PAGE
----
In the late 1930s Nebraska’s hydroelectric power districts tried in vain to buy private utility companies to increase their production and marketing. So in August 1939 the Nebraska Legislature created Consumers Public Power District. Over the next two years it purchased for about $44.5 million most remaining private power firms using revenue bonds.
In 1940 the Loup River, Platte Valley, and Central Nebraska public power districts signed a joint agreement that created the Nebraska Public Power System (NPPS) that combined their production and revenues under one management board comprised of the general managers of the three power districts. Central in 1949 withdrew from NPPS to focus on irrigation; it sold its hydro generation to NPPS.
In the 1930s rural Nebraska began to organize rural power districts that used federal funds from the Rural Electrification Administration, created by President Franklin Roosevelt with support from Senator Norris. From just 5.8 percent of Nebraska’s farms having electricity in 1929, by the early 1950s about 78 percent enjoyed that benefit supplied by about 30 rural power districts.
To represent the increasing number of public power agencies across the nation, including thousands of municipal-owned systems, the federal Tennessee Valley Authority, and area-wide entities like those in Nebraska, in 1940 the American Public Power Association (APPA) was founded. Since that time, it has provided research, training, and counseling for public power agencies seeking support in their ongoing dealings with government and private utilities.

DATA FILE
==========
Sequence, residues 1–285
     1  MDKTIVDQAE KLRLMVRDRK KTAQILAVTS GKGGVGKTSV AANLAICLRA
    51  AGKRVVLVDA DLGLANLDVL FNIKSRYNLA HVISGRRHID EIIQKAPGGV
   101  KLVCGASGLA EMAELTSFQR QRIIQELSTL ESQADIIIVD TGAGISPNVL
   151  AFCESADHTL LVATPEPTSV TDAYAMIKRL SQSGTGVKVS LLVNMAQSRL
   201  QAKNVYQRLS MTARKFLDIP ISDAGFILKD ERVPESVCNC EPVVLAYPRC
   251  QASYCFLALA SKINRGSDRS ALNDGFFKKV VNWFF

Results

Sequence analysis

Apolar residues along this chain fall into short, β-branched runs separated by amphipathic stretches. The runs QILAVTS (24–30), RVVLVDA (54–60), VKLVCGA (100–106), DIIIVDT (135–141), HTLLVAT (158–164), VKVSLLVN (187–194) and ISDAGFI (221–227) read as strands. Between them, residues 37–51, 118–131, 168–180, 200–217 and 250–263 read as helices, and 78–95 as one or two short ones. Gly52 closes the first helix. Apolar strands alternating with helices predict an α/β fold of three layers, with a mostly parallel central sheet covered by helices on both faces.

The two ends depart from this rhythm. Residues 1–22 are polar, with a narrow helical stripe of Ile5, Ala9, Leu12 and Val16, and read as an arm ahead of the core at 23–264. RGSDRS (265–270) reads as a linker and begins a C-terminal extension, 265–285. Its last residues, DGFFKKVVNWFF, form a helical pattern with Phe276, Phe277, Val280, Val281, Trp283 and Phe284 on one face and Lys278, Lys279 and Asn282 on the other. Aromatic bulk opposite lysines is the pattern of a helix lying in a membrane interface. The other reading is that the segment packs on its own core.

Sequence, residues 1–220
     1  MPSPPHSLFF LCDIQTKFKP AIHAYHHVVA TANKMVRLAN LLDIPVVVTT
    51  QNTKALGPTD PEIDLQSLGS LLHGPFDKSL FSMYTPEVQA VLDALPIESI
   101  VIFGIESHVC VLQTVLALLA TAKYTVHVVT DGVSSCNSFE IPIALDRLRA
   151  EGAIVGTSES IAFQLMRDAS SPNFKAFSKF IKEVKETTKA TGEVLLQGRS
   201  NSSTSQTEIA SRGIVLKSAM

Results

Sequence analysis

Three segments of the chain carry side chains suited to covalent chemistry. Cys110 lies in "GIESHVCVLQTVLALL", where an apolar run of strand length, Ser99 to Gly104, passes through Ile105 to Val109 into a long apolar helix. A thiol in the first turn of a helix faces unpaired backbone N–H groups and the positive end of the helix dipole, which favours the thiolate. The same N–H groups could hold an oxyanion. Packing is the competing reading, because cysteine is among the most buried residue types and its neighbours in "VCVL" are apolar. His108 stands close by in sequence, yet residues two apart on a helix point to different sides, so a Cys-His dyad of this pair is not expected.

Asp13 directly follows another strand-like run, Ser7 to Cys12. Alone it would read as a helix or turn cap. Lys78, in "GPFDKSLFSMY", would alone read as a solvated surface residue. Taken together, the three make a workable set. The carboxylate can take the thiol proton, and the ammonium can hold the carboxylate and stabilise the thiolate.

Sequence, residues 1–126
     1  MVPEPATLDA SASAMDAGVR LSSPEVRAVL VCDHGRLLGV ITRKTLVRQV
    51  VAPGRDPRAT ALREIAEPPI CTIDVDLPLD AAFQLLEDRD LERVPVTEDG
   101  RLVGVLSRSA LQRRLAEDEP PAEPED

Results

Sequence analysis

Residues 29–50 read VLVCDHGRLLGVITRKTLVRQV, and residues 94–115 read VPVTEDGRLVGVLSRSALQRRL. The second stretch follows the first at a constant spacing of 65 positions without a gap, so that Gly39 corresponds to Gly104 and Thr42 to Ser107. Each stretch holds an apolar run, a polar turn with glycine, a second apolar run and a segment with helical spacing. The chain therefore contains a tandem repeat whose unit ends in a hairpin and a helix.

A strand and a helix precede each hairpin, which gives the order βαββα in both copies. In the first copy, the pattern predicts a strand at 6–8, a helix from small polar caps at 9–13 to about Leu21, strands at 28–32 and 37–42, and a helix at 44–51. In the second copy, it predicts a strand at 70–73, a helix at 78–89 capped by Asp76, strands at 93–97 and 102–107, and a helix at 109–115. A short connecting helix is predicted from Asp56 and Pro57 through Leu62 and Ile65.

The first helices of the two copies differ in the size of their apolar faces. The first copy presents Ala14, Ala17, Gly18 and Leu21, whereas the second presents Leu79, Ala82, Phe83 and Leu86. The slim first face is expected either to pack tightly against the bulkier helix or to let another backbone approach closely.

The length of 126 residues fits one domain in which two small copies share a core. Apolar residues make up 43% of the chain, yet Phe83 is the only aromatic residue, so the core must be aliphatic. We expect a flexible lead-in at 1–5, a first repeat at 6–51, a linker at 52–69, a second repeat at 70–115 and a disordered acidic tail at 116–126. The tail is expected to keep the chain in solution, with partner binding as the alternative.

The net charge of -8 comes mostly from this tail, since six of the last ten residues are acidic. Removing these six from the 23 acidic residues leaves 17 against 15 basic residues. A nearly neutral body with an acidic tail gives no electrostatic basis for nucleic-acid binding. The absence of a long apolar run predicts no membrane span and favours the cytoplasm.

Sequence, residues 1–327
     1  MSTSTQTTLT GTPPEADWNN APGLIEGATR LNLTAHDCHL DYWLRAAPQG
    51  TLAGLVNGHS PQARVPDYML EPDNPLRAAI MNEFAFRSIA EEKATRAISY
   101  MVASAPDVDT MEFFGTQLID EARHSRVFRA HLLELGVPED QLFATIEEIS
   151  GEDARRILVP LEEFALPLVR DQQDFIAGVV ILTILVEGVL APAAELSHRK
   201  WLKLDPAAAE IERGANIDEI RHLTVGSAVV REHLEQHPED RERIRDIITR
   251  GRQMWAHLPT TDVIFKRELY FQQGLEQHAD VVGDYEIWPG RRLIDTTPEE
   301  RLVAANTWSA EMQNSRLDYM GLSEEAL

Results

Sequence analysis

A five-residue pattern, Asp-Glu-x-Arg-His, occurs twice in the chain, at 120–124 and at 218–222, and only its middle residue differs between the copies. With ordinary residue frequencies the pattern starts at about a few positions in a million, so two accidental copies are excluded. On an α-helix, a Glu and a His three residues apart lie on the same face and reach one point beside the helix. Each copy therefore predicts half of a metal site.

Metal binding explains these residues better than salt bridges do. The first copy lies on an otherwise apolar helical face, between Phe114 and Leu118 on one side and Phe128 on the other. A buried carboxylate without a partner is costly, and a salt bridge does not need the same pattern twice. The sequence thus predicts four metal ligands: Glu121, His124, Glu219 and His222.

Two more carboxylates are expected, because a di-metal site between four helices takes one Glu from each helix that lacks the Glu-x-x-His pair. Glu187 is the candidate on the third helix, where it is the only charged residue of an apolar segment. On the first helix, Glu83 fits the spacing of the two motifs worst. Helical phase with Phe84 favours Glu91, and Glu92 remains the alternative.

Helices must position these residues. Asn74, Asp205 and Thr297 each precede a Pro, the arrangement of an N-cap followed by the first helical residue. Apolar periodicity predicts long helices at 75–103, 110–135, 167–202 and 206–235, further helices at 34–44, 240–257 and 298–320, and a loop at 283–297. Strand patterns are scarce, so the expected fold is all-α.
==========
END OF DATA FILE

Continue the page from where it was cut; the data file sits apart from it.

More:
In 1945 the Omaha Public Power District was organized, and the following year it purchased the Nebraska Power Company, a subsidiary of American Power and Light and Electric Bond and Share Company (EBASCO). The Omaha district serving Douglas, Dodge, Sarpy, Saunders, and Washington counties had its own generating plants but sometimes bought power from the interconnected hydroelectric power districts. Thus Nebraska became the only state in the nation where public power totally replaced private utility companies.
Some Americans criticized the public power movement, however, as a form of socialism or even communism. Omaha Senator J. P. O’Furey said public power districts would “set up a group of communistic super states that rival Soviet Russia for nefariousness,” according to Donald E. Schaufelberger.